18 February 2015

Sylvia Plath Memorial Evening

In 1 November 2014, I posted on "Collecting Sylvia Plath". This post was originally part of that, but I decided to break it out for a special occasion. That occasion is today, just after the 52nd anniversary of Sylvia Plath's death.

The following document was acquired from The Poetry Bookshop in Hay-on-Wye, and was something also formerly belonging to long-time BBC producer Fred Hunter (obit; another obit).

Truly this is a piece of ephemera: a single-sided leaflet produced by the Institute of Contemporary Arts, London, for a "Sylvia Plath Memorial Evening" which was (to be) held on 29 April. The full text reads:

17 Dover Street
W 1

Sylvia Plath Memorial Evening

The ICA are arranging a memorial evening for
Sylvia Plath on thursday, april 29th at 8.15 pm

The speakers will be Ian Hamilton and M L
Rosenthal and Al Alvarez will be in the Chair.

The evening will be illustrated with recordings
of Sylvia Plath reading her own poems.

ICA                                members & students 2/-
17 Dover Street              non-members 3/6
W 1

Initially, I thought this evening was planned for 1963. The archival record suggested that it originally was.  The ICA's archive is held by the Tate Museum in London. On contacting them, I inquired if they had any event materials pertaining to this evening, as well as any possible correspondence. There was no material for the event, and a search of correspondence found just one letter from the ICA's Dorothy Morland (obit) to Ted Hughes dated 26 February 1963 (15 days after Plath's death). In this letter, Morland expresses interest in the ICA hosting the memorial evening. It would feature "readings of her poetry with only a short introduction". She discussed the event with Alvarez who "expressed some doubts"; though Alvarez said he would talk it over with Hughes. The letter also mentions that Alvarez would be absent all of April. There is a chance the event took place, then, in May. But then again, nothing appears to have taken place that year.There was no reply letter from Hughes found in the ICA's archive.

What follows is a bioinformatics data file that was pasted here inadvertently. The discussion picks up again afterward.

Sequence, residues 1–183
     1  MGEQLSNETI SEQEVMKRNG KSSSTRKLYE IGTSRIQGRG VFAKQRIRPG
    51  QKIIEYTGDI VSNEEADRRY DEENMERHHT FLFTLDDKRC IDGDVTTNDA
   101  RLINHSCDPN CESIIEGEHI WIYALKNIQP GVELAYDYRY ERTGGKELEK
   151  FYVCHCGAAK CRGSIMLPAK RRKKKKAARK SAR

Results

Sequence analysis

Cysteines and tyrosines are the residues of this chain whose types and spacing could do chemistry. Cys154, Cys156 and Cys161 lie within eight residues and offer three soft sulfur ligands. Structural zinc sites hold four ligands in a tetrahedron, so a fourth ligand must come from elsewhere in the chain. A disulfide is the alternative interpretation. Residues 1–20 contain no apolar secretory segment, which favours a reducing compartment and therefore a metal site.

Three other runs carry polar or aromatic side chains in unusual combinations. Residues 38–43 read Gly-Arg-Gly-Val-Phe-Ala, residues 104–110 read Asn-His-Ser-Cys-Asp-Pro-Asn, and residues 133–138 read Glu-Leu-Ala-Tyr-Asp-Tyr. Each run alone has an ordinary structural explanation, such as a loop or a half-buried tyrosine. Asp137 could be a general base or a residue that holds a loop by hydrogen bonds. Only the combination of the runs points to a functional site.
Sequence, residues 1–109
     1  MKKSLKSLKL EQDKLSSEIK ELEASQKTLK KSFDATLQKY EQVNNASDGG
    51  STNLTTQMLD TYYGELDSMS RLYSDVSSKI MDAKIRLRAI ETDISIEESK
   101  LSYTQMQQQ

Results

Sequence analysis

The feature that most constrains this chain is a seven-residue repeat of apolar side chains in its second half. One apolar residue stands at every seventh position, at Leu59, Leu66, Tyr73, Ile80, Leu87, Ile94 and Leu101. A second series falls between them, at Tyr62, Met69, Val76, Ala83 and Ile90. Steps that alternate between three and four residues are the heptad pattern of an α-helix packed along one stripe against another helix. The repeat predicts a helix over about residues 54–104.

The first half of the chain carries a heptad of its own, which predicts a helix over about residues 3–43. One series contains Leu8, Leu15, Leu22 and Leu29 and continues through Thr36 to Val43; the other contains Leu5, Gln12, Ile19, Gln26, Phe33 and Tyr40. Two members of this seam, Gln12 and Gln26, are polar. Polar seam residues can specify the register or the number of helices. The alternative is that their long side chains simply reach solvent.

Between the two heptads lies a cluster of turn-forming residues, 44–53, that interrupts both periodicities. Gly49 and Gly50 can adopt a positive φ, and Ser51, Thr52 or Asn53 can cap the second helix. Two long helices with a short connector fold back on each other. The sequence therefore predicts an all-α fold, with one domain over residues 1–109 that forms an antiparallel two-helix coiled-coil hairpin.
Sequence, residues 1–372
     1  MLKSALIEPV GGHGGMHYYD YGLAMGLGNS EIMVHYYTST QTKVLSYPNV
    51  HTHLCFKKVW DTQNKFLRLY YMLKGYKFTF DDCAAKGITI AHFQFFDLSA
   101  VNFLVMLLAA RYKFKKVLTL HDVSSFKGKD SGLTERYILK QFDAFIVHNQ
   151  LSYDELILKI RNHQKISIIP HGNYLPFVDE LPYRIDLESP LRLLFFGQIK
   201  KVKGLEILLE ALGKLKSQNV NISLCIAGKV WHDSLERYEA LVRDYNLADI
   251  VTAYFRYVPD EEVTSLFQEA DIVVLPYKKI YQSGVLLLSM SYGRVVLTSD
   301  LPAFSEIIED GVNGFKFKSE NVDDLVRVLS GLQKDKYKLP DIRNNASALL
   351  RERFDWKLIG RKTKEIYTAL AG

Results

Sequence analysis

However, as a few people pointed out in emails to me (thank you Paul, Sheila, and Tim), there was a "Sylvia Plath Memorial Evening" held on 29 April 1965. According to WorldCat, UNC at Chapel Hill holds a copy of the ICA Bulletin for April 1965 detailing that the programme would be "illustrated with recordings of Sylvia Plath reading her own poems." The three page Bulletin includes a "brief biographical and bibliographical entry for Plath opposite on p. 2." The failure of the ICA to host this event in 1963 suggests that Ted Hughes did not want them to celebrate her life -- or possibly call attention to her recent death. Instead, the timing most likely coincides with the publication late that winter (11 March) of Ariel.